One key purpose of fasting is a Spirit-empowered life. Five key components of fasting can open the door for God to move in our lives.
If you were to stand on the street corner and ask people the purpose of fasting, you would receive a myriad of answers. That’s because in the last few years, fasting has become a mainstream conversation and practice across a variety of spheres in our culture.
People from a wide variety of backgrounds and spiritual disciplines are discussing and discovering the significant physical, spiritual, mental, and emotional breakthroughs that can come through the discipline of fasting.
Although fasting’s uptick in mainstream credibility has worked to positively eliminate some of the “weirdness and mystery” often associated with fasting for many people, it has also created more confusion regarding the distinctive purpose of Christian fasting.
Thus, before we go much further, let’s define Christian fasting in a concrete way.
Christian fasting is the practice of abstaining from food for a set time to devote your time and attention to God more deeply.
Christians fast in a variety of ways: a few hours on a given day, from sunup to sundown, twenty-four continuous hours, or multiple days at a time. Some fasts set aside food altogether, certain types of foods, or some combination of both.
The time frame and specifics might vary, but the purpose of fasting (connecting more deeply with God) does not.
Christian fasting is not about losing weight or resetting one’s physical health. Although that might certainly happen, it is not the purpose of Christian fasting.
Resistance to Fasting
As you might expect, giving up food to connect with God often comes with a number of questions and forms of resistance for those who have not yet experienced the goodness of God through fasting.
Even if you believe Christian fasting is a good discipline, you probably still experience some level of internal hesitance or resistance.
I know I do.
So if the idea of fasting seems intimidating, let me be the first to say congrats: You are normal.
Surrendering comforts we enjoy is never easy. We have been conditioned for ease and comfort, and fasting is certainly not easy.
Many Christians also believe fasting is a discipline reserved only for super Christians, so they don’t push through the areas of resistance to experience the greater reward.
Maybe this is your story. That was my story for a number of years.
Read Dave Clayton’s story about fasting in his book Revival Starts Here, where he shares also about the purpose of fasting for revival.
One of the biggest hurdles I overcame in personal resistance to fasting was the hurdle of faulty expectations.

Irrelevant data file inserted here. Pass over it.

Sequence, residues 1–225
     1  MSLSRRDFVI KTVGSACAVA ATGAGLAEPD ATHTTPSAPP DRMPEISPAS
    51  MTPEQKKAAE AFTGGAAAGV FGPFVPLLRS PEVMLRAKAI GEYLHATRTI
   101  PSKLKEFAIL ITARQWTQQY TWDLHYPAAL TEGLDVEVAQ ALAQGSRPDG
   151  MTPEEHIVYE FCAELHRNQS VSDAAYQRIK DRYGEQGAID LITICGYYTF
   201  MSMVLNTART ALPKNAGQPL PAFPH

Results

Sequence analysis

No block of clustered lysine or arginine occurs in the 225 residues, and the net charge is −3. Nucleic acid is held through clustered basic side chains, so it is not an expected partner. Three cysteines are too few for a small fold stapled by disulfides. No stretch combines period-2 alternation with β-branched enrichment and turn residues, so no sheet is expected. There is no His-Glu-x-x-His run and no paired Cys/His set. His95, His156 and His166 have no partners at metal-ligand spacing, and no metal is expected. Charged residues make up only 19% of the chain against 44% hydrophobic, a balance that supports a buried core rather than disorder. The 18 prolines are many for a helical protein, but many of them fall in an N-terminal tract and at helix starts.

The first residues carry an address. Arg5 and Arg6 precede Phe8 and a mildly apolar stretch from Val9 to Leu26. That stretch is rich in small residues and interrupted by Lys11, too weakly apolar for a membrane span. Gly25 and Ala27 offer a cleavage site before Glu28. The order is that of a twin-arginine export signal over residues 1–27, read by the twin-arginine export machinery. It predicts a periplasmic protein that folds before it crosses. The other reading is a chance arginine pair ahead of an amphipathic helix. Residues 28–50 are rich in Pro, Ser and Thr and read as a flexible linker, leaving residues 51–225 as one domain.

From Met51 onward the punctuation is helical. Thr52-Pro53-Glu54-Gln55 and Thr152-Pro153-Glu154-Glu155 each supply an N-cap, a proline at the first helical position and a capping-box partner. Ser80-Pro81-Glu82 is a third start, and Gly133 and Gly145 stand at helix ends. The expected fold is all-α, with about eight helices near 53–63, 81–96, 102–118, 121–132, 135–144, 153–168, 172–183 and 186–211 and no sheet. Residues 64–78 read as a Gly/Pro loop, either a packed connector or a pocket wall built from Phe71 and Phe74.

When Sydney and I first began leading our church family into seasons of prayer and fasting, we had faulty expectations that we would see tremendous results in a short period of time. In other words, we expected all the breakthroughs to come in the seasons of prayer and fasting.
To be clear, we often experience great breakthroughs in our seasons of prayer and fasting. But we now know firsthand, more often than not, the true breakthroughs from seasons of prayer and fasting often come in the days, weeks, months, and years that follow.
Fasting relates more closely to planting seeds than harvesting crops.
If a farmer plants a seed in the ground, and then lives with the faulty expectation that he will have an abundant harvest before dinner that evening—he will be quite disappointed. This faulty expectation will probably cause him to throw in the towel and find a new profession.
The same is true for so many Christians when it comes to fasting. Too often Christians have faulty expectations of the spiritual dynamics that are at work, and they throw in the towel far too easily when they face the natural resistance and disappointment that can accompany seasons of fasting.
The Purpose of Fasting in Scripture
Recently a close friend asked me, “What is the purpose of fasting for modern Christians?”
On one level, the answer is simple. Jesus modeled it and taught it.
If we are going to live as Jesus’ disciples, then anything Jesus modeled is something we should seek to imitate. If you are familiar with Jesus’ life, as recorded in the Gospels, then you know the Holy Spirit led Jesus in a season of fasting at the beginning of his ministry.
But Jesus didn’t simply model fasting. He also taught it.
In his most famous sermon, Jesus dedicated an entire section to fasting and spoke in terms of “when” his disciples would fast, not “if” they would fast.
But the biblical mandate for fasting didn’t begin or end with Jesus.
In the Bible, a wide variety of men and women of faith set aside food for a season to connect more deeply with God. Moses, David, Esther, Daniel, Nehemiah, and the believers in Antioch are just some who sought God through prayer and fasting.
Although the witness of the Scriptures is more than enough reason for any serious disciple of Jesus to prioritize seasons of prayer and fasting, understanding how the Holy Spirit empowers us through fasting can be extremely helpful.
For instance, I find it amazing that Luke describes Jesus as being filled with the power of the Holy Spirit after his forty days of fasting in the wilderness.
That simple description sent me on a journey of discovery regarding how the Holy Spirit empowers us as we seek the Father as Jesus did through prayer and fasting.
So let’s explore five key ways the Holy Spirit empowers us through fasting.
One of the most obvious ways the Spirit empowers us through fasting comes as we learn to abstain. A powerful principle is at play when we choose to let go of something so God can take hold of our hearts once again.
We live in a world that constantly says we can have whatever we want, whenever we want it, however we want it. Further, many Christians have been discipled by the “buy it now” button, and they fail to see how this way of living has subtly transformed how they think about God.
In Mark 8:34–38, Jesus declared that to be his disciples we must deny ourselves. Thus, we find clarity for our hearts in this chaotic world through self-denial (abstaining), not self-fulfillment.